6. Muammar al-Qaddafi, Libya. Age 62. In power since 1969.Last year’s rank: Dishonorable mention
Increasingly annoyed by other Arab leaders, Qaddafi—once considered a supporter of terrorism —has gone to great lengths to re-establish links with the West. He turned over a perpetrator of the 1988 terrorist bombing of an American commercial flight over Lockerbie, Scotland, and made substantial payments to families of the victims of both the Lockerbie bombing and that of a French plane. He gave up his nuclear weapons program and is opening his nation’s economy to foreign investment. Yet at home he continues to run a brutal dictatorship, maintaining total control over all aspects of Libyan life. Freedom of speech, assembly and religion are harshly restricted. Entire families, tribes and even towns can be punished for “collective guilt.” Political opposition and damaging public or private property are considered “crimes against the state.”
7. Pervez Musharraf, Pakistan. Age 61. In power since 1999. Last year’s rank: Not mentioned
Two years after seizing power in a military coup that overthrew an elected government, Gen. Pervez Musharraf appointed himself president of Pakistan. He recently agreed to step down as head of the military, then reversed his decision, claiming that he was best suited to unite Pakistan’s contentious political and military elements. “The country is more important than democracy,” he said. Pakistan has endangered the world by spreading nuclear technology. Last year, it was discovered that Abdul Qadeer Khan, head of Pakistan’s nuclear weapons program, had been selling nuclear technology to North Korea, Libya and Iran. As for civil liberties in Pakistan, a woman who has been raped may present her case only if she can produce four Muslim men who witnessed the attack.
8. Saparmurat Niyazov, Turkmenistan. Age 64. In power since 1990. Last year’s rank: 8
Niyazov has developed an overbearing personality cult that crushes dissent and invades all aspects of life in Turkmenistan, no matter how trivial. He controls his one-party state with torture, disappearances, detentions, house demolitions, forced labor and exile. He muzzles all media, and it is illegal to criticize any of his policies. Statues of Niyazov appear everywhere, and his picture is on all denominations of money. His “moral guide,” Rukhnama (Book of the Soul), is required reading for students, married couples and even applicants for a driver’s license. Female newscasters may not wear makeup, nor may young men wear beards, long hair or gold teeth.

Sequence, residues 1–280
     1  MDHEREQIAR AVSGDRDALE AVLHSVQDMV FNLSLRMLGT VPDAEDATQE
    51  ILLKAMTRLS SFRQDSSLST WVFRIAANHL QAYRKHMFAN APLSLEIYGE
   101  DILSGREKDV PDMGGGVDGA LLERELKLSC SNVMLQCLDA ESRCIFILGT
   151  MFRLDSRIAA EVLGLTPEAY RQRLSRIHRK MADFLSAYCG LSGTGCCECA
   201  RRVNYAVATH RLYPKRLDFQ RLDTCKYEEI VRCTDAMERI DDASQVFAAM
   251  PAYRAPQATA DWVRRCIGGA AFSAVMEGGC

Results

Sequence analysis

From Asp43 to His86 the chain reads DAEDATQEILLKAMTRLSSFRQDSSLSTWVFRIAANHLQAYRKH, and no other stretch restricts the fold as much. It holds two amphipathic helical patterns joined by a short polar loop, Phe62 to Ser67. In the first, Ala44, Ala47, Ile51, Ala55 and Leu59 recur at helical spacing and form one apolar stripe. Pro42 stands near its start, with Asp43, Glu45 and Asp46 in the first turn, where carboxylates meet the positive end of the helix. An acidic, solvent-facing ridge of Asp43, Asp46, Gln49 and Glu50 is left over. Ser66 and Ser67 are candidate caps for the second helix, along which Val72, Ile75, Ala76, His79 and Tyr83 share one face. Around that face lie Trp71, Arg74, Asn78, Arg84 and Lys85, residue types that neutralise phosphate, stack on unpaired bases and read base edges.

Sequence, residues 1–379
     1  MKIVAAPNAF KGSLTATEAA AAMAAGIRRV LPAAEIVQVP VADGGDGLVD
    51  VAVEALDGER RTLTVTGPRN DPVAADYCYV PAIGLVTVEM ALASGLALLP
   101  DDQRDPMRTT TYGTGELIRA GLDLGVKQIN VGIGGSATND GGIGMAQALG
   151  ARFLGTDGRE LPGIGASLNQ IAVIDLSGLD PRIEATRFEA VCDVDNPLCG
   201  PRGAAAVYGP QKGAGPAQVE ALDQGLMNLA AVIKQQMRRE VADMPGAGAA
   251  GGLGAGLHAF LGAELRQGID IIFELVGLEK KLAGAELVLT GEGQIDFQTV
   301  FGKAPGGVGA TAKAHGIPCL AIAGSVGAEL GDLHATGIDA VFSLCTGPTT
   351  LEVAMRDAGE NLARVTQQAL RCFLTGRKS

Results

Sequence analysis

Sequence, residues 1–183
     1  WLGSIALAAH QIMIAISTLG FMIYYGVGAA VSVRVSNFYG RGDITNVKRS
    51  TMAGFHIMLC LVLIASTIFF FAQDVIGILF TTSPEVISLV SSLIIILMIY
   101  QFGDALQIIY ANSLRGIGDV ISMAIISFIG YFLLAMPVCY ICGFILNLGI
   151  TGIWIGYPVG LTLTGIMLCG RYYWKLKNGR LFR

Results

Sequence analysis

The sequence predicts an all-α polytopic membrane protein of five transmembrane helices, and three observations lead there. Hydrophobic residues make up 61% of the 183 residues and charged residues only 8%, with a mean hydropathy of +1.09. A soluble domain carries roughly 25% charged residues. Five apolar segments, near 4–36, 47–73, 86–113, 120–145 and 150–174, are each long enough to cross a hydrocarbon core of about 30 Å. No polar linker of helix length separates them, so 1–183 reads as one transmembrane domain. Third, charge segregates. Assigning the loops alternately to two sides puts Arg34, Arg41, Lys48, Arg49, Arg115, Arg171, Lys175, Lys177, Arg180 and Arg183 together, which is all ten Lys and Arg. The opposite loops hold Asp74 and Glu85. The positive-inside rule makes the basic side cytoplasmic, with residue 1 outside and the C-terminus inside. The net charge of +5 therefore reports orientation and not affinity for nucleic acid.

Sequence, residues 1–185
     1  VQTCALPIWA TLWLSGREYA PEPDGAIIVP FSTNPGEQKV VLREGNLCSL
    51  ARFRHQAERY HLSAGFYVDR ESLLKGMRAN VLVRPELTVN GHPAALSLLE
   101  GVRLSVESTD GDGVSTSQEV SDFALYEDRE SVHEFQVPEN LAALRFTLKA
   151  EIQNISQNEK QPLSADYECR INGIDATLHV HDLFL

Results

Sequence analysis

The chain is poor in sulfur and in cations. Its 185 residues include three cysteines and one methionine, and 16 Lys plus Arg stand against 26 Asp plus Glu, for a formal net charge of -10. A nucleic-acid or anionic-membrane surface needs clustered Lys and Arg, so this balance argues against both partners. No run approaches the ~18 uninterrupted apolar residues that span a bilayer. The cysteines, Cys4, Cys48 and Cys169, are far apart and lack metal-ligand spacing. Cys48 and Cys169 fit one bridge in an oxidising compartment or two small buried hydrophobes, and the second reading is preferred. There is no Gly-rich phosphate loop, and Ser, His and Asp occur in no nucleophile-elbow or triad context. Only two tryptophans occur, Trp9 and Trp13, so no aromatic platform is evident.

9. Robert Mugabe, Zimbabwe. Age 80. In power since 1980. Last year’s rank: 4
After leading an anti-colonial war of liberation, Mugabe was elected Zimbabwe’s first prime minister, raising hopes for a new era of democracy. But he has turned increasingly dictatorial and run his country into the ground. Average life expectancy in Zimbabwe is 33 years—among the lowest in the world. One of Mugabe’s many repressive laws deems it a crime “to make an abusive, indecent or obscene statement” about him. He continues to hold elections, but opposition is discouraged. Looking toward a vote in March, the parliament passed a law banning from Zimbabwe any human rights or civil liberties group that receives money from abroad. In other words, independent election monitors will not be allowed.
10. Teodoro Obiang Nguema, Equatorial Guinea. Age 62. In power since 1979. Last year’s rank: 6
Since major oil reserves were discovered there in 1995, U.S. oil companies have poured $5 billion into this tiny West African nation. Most of the oil income goes to President Obiang and his family, while the majority of the people live on less than $1 a day. Some American oil companies are being investigated for improprieties involving Obiang. The U.S. State Department has accused Obiang’s government of committing torture. In November 20 people—including 11 foreign nationals —were sentenced to prison for an alleged coup attempt. The only evidence against them, says Amnesty International, were confessions extracted through torture.
By David Wallechinsky
Published: February 13, 2005